Taiwan (Formosa) was an extremely beautiful island, and is said to be the origin of Austronesian languages. The ancestors of the aborigines were the guardians of Formosa; they lived on this land with modesty and discipline. They were humble, optimistic, simple, and courageous. However, the lack of opportunities for education had left them in a disadvantage when faced with one after another invasion. In the course of history, they were used, oppressed and slaughtered.
In this series of photography, I try to present the uniqueness and cultural characteristics intrinsic to the aborigines. Within the frame, what the works are focused on is the aboriginal people as a whole, rather than individuals or certain figures, as the issues given rise to by historical incidents are not unique to just one group of people or just certain individuals. When I photograph the subjects, I intentionally blurred their facial features and avoid presenting their face in its entirety in the picture. Through long exposure and simulation, I seek to break the bond of time and present the lives of the aborigines’ ancestors on this island with the images captured in the present. From their initial carefree way of life where they lived in harmony with nature, to the oppression forced upon them by their invaders, the works portray the fundamental changes in their way of life and their mental state.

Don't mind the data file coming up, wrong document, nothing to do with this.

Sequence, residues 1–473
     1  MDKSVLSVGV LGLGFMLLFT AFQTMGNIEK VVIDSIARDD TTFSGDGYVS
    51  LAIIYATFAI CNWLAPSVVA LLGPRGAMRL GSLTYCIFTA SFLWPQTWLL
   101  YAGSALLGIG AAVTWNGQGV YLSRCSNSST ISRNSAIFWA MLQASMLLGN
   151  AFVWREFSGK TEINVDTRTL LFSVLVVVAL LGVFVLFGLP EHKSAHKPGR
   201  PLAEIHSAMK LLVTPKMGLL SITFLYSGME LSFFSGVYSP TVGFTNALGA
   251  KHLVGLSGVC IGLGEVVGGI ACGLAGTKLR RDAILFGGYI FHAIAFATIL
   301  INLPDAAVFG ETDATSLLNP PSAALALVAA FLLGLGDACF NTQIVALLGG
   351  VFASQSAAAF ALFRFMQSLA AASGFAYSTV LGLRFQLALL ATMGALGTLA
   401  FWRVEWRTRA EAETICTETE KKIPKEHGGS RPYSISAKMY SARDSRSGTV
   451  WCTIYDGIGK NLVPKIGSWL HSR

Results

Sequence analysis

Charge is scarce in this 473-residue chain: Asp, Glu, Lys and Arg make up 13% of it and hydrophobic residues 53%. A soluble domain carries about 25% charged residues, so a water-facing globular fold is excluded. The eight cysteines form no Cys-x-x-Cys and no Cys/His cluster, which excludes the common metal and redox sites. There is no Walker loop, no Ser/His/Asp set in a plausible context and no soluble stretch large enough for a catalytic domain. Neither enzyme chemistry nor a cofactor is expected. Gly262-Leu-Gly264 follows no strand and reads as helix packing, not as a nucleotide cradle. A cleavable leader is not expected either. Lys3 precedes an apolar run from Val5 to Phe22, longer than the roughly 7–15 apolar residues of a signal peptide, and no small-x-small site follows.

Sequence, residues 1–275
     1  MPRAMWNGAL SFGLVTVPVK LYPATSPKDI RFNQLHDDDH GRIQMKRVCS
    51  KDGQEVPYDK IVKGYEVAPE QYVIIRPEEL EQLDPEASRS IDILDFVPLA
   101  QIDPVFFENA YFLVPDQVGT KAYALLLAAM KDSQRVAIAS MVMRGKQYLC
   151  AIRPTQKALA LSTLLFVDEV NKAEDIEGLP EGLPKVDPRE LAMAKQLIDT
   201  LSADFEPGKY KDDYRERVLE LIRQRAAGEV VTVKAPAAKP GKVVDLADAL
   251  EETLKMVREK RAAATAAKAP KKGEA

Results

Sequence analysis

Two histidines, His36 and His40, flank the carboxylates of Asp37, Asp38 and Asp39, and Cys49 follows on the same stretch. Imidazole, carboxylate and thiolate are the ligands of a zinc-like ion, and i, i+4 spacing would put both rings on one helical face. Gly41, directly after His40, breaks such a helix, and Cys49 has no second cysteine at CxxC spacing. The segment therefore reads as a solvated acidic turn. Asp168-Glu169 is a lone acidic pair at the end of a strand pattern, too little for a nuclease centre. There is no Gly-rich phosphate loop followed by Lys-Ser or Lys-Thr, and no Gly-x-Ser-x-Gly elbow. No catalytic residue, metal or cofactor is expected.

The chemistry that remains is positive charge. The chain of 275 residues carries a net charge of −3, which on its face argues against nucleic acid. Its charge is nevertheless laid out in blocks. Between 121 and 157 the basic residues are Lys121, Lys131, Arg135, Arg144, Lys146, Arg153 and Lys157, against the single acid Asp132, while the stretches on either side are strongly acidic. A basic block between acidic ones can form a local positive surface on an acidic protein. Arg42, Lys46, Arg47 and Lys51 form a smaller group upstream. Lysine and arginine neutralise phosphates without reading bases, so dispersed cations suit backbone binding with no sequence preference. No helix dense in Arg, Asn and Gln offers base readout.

Unfortunately, the issues presented in the works still exist today – from the most basic matters as habitation, unemployment and education, to high suicide rate, self-doubt and the denial of one’s own cultural values. The ideas that aborigines tend to be less educated and inferior to the Han people still persist today.